______________________________________Elemental analysis     Calc'd (%)             Found (%)______________________________________C           76.01     76.17H           5.63      5.59N           5.52      5.55______________________________________
EXAMPLES 2 AND 3

In the same manner as described in Example 1 except using corresponding aniline derivatives, Compounds (2) and (3) were prepared.

Compound (2)

Decomposition point: 309 C. to 310 C.

Infrared absorption spectrum (KBr Tablet): νc=o 1610 cm-1

Visible absorption spectrum: λmax 641 nm (in dichloromethane solution)

______________________________________Elemental analysis for C32 H26 N2 O4 F2     Calc'd (%)             Found (%)______________________________________C           70.89     71.10H           4.74      5.85N           5.14      5.18______________________________________
Compound (3)

Decomposition point: 318 C. to 319 C.

Infrared absorption spectrum (KBr Tablet): νc=o 1615 cm-1

Visible absorption spectrum: λmax 640 nm (in dichloromethane solution)

______________________________________Elemental analysis for C32 H26 N2 O4 Cl2     Calc'd (%)             Found (%)______________________________________C           66.91     67.02H           4.43      4.57N           4.90      4.88______________________________________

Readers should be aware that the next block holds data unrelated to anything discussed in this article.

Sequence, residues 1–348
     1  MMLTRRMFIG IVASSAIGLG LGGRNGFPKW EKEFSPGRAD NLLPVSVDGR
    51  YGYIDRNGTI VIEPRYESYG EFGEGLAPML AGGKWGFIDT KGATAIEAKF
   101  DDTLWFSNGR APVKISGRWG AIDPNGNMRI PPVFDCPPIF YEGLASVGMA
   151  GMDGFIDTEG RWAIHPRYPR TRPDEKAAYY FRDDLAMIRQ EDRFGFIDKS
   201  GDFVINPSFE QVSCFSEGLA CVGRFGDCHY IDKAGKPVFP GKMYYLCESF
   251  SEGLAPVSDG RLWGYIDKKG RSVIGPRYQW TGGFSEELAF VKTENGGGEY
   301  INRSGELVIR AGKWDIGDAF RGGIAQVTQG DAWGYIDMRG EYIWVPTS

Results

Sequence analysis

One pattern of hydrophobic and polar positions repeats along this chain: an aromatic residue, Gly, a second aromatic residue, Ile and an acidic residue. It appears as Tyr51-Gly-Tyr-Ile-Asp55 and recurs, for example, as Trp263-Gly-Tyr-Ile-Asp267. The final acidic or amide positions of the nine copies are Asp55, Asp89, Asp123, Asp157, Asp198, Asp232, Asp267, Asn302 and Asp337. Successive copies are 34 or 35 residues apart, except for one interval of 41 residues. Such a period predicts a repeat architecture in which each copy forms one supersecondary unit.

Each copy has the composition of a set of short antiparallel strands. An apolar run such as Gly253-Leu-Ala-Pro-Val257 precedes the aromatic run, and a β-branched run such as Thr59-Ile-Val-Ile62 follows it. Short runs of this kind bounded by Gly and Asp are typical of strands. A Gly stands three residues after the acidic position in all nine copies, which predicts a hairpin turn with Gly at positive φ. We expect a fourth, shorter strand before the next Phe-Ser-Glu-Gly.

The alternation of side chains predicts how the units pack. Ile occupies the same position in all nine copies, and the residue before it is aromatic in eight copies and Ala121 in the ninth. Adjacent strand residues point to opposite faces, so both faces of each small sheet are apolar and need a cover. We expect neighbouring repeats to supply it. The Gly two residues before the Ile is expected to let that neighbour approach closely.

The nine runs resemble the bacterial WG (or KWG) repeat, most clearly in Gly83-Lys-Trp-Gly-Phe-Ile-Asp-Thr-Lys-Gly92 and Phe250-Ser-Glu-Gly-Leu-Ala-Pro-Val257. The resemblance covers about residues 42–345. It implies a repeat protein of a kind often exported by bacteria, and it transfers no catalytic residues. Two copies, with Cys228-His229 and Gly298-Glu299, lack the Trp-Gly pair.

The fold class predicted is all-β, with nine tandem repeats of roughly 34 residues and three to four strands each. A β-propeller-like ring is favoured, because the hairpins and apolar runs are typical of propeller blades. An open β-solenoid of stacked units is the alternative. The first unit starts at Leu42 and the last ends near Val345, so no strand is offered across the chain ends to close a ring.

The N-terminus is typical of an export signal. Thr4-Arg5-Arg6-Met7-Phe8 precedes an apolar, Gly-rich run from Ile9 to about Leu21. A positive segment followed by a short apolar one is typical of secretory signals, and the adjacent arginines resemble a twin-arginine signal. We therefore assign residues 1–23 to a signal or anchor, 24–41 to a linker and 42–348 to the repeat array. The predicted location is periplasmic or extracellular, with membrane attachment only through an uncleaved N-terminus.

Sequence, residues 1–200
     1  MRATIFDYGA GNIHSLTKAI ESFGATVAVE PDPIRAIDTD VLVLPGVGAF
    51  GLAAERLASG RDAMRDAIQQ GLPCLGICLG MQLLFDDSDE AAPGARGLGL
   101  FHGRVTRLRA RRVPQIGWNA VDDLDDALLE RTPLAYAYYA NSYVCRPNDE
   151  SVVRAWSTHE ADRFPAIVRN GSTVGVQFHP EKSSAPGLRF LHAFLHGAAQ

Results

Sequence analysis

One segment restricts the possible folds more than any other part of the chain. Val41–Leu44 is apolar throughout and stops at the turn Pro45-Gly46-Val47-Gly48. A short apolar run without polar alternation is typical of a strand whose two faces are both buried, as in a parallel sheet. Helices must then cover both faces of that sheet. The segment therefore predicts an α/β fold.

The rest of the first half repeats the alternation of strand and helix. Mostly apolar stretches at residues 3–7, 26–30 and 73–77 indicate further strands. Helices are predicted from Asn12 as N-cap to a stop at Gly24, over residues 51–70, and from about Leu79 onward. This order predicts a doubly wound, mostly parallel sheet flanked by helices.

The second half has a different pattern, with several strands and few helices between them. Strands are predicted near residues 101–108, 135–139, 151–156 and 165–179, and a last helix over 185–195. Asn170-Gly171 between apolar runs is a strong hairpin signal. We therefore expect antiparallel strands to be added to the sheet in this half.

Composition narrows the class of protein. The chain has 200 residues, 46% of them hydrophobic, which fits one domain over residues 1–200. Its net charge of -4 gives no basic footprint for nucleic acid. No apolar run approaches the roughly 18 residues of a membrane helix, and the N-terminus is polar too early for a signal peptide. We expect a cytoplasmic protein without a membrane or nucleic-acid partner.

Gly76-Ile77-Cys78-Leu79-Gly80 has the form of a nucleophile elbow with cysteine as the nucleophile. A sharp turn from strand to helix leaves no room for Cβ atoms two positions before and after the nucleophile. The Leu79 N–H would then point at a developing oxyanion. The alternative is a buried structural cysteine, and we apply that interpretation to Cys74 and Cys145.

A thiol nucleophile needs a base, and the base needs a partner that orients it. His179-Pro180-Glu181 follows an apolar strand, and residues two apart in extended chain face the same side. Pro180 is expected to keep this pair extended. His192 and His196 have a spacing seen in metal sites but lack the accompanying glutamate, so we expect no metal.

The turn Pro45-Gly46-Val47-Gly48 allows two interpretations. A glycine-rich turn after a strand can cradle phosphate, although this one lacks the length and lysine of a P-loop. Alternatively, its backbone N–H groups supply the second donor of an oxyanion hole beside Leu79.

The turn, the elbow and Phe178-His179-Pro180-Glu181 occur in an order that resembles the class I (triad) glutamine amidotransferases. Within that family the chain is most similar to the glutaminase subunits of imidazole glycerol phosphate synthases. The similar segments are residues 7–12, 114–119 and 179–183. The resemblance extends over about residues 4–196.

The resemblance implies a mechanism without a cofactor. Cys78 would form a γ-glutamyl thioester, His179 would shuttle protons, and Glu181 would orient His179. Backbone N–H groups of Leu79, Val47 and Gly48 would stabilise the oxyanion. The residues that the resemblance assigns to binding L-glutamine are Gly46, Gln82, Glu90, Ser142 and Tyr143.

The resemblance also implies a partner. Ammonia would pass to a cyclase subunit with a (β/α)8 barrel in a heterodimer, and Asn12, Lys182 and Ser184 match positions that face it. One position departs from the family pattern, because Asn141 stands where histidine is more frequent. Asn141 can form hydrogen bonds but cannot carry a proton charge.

EXAMPLE 4

The squarium compound of formula (I) wherein X is a hydrogen atom, was ground with methylene chloride and steel balls for 12 hours. The ground compound was then added to a polyester resin (Vylon 200, a tradename) in an amount of 30% by weight based on the weight of the polyester resin, followed by mixing, and then the mixture was coated by an applicator on an aluminum plate to prepare a charge generation layer having a thickness of about 0.5μ (dry basis). A mixture of a polycarbonate resin (Panlite, a tradename) and 1-phenyl-3-[p-diethylaminostyryl]-5-[p-diethylaminophenyl]pyrazoline in an amount of 50% by weight based on the weight of the polycarbonate resin was then coated by an applicator on the charge generation layer to prepare a charge transport layer having thickness of about 15μ.

The photosensitive surface of this photoreceptor was negatively charged with -6 KV of corona electric discharge for 2 seconds using an electrostatic copy paper test instrument manufactured by Kawaguchi Denki Co., Ltd. After it was allowed to stand for 2 seconds in the dark, its surface potential (Vo) was measured and then a light from a tungsten-halogen lamp of illumination intensity of 10 lux was irradiated to the photosensitive layer. The time when the value of the surface potential changed to a half the original value was determined to obtain a half value of exposure (E1/2). The results obtained were Vo of 820 V and E1/2 of 2.2 lux.second.

EXAMPLES 5 AND 9

The electrophotographic photoreceptors of these examples were prepared in the same manner as described in Example 4 except that, each of the squarium compounds (2) to (6) was used, in place of the squarium compound used in Example 4. The electric characteristics of the resulting photoreceptors were determined, and the results obtained are shown in Table 1.

              TABLE 1______________________________________                    Vo     E1/2Example No.      Compound No.  (V)    (lux  second)______________________________________5          (2)           750    4.56          (3)           640    5.27          (4)           600    6.08          (5)           800    2.09          (6)           650    5.8______________________________________